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HOUSE OF FOILS

House of Cards has taken a lot of flack this season, but for the wrong reasons.

Yes, the show is extremely pulpy, over the top, and borderline silly sometimes, but this is what makes it entertaining.

And the writers seem to be aware of this — having Frank lurking around the subway in a fedora while personally attending to one of his schemes was no accident.

Where the show errs is its ridiculously low esteem of the political acumen of elected officials in Washington, D.C.

Frank seemingly exists in a world where everyone was born yesterday. He’s not really a master strategist when you consider how easily people in the beltway are manipulated, most notably the President.

The premise of the whole season comes down to President Walker being the most insecure, indecisive, and trusting person in human existence. He’s powerless to make a decision without someone’s input, and then he willingly to accepts whatever he’s told at face value.

I simply don’t believe that you can become elected President of the United States and be that powerless to make decisions and trusting of what you’re told (especially after you’ve been lied to so many times).

What I’m talking about is the difference between book smarts — understanding economic principals, for example — and street smarts  — being able to read people, determine their needs, and them charm. You don’t have to be a rocket scientist to be the President (or a high ranking member of Congress), but you do need to have some ability to size things up and take action.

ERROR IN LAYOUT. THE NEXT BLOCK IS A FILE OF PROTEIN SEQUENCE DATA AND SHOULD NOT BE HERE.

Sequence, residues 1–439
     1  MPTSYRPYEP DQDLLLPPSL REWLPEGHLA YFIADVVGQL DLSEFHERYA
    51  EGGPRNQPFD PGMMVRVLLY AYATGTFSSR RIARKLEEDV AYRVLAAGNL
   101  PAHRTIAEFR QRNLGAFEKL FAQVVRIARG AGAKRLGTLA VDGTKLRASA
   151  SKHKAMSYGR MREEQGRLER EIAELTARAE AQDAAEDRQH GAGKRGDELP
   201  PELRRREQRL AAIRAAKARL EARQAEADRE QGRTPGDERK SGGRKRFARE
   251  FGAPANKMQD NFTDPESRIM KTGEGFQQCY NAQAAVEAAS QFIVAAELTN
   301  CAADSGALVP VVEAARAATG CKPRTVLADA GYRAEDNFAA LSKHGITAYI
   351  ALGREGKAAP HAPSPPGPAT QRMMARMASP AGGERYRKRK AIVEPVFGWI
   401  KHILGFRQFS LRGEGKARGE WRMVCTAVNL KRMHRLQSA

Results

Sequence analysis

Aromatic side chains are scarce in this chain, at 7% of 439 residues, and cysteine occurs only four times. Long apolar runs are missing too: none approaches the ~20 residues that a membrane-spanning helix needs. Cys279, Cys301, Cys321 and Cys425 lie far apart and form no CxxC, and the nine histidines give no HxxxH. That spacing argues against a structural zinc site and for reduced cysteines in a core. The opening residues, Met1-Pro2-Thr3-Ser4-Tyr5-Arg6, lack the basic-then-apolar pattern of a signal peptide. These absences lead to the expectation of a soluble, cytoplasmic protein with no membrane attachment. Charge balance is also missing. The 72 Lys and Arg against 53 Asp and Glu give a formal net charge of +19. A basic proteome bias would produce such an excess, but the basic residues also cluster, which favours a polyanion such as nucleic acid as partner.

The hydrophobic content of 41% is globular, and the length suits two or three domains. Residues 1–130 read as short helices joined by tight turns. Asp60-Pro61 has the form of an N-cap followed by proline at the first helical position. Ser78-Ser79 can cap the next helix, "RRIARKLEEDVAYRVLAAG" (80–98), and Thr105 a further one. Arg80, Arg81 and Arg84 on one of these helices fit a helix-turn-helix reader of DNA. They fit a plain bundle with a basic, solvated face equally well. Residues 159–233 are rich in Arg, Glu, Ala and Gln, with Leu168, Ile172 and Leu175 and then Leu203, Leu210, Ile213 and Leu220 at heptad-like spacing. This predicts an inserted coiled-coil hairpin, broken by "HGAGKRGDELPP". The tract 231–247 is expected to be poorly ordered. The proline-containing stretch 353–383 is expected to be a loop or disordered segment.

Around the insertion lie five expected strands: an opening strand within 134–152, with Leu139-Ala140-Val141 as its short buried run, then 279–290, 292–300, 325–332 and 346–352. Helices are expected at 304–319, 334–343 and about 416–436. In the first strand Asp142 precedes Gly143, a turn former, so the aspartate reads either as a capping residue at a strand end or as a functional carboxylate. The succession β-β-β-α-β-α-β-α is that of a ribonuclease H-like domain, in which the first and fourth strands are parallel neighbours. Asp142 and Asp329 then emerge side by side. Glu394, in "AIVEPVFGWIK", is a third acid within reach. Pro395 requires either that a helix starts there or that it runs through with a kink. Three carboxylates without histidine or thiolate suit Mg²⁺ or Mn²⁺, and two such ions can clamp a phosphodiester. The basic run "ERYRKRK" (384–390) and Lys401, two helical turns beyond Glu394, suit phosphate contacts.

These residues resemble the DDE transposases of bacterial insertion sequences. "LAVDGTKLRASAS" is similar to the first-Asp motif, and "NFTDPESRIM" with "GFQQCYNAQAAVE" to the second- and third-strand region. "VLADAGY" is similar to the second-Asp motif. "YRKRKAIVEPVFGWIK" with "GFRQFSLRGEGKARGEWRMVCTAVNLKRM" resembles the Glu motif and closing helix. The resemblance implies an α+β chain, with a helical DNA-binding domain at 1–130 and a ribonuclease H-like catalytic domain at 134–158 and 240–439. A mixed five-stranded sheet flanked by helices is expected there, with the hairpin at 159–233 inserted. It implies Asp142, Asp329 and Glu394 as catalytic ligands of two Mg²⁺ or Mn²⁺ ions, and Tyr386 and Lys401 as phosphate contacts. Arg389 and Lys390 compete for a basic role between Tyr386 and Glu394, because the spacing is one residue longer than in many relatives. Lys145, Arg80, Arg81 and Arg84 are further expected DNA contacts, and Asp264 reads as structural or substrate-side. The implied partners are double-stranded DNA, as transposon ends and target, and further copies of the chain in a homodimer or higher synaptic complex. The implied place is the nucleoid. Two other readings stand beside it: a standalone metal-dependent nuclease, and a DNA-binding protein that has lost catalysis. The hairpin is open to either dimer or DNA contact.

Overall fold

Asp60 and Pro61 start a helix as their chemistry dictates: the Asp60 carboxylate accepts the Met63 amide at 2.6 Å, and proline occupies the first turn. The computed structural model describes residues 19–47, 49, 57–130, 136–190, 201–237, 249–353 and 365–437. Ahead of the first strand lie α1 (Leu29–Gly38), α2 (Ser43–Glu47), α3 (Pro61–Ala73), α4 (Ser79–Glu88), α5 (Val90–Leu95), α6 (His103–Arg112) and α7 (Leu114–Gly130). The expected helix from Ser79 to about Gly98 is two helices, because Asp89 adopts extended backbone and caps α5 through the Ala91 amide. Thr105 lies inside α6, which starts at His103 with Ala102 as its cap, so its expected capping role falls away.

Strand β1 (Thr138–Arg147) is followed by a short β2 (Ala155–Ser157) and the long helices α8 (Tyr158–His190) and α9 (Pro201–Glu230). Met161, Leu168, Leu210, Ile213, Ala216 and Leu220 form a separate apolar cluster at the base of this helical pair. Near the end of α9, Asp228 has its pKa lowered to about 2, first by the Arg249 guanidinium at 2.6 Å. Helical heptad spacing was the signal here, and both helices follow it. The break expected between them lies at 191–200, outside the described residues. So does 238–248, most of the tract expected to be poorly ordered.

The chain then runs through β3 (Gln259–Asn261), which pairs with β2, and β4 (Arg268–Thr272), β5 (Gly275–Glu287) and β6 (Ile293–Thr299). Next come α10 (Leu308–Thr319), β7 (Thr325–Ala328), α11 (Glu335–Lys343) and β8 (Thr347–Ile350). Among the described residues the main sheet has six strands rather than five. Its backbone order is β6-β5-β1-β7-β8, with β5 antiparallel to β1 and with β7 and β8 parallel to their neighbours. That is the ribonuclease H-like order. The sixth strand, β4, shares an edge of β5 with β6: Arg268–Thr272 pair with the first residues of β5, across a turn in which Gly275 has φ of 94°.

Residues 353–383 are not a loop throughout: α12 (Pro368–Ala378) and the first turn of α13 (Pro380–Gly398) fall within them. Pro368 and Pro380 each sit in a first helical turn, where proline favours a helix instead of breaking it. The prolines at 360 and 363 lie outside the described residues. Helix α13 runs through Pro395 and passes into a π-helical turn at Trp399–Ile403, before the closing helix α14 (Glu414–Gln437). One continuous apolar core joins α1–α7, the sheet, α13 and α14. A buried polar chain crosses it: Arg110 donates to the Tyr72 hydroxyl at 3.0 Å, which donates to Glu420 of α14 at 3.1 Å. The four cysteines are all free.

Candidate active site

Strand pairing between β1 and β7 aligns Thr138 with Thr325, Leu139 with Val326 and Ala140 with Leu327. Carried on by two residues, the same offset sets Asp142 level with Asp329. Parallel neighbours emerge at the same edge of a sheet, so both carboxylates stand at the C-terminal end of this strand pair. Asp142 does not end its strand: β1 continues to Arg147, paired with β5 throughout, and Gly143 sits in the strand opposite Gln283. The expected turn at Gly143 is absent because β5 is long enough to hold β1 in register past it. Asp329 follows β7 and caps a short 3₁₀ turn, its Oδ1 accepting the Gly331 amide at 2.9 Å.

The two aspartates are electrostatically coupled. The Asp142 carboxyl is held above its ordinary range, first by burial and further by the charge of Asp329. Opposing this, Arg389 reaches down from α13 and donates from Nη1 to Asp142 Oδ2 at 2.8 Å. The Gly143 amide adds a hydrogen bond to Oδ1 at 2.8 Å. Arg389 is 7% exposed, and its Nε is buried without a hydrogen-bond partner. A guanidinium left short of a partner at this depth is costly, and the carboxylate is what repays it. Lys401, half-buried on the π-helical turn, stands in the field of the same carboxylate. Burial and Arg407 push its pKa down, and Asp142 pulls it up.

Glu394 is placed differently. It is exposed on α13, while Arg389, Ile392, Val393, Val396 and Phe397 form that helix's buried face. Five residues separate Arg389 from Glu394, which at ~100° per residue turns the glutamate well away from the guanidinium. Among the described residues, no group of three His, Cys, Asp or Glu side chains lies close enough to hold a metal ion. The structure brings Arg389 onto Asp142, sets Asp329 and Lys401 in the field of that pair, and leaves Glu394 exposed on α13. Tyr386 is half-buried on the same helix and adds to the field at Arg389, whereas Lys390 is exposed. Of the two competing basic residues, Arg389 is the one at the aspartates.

So, the success of Frank’s schemes don’t really comedown to him being able to think ten steps ahead of everyone else and play the long game; the President is so receptive to whatever someone is telling him that Frank just needs to keep spewing them until one sticks.

Ultimately, the President, and just about everyone on the show is merely a foil for Frank. Because his strategy for getting from point A to B is deception, a sucker is born every minute in  every minute in House of Cards.

This reminds me a lot about a major flaw with science fiction TV shows, including Star Trek. In these shows you have highly advanced alien species that possess technology that allows them to travel faster than light. But then on occasion the writers want to have an episode where the humans have a run in with a “primitive” alien race. The result is a species that is technology way more advanced than us 21st century humans, and yet also way more primeval. 

Or to think of it another way, there are apparently stupid aliens in space (if they’re this stupid, how did they ever get into space?).

It’s an oxymoron, and this is what has happened with House of Cards. ”kYou cannot get the top jobs in Washington, D.C. being a political novice, just like you cannot be a stupid alien zipping around space at warp drive (notice I said “top jobs.”).

This is what the entire show hinges on — believing that there are stupid aliens in space.

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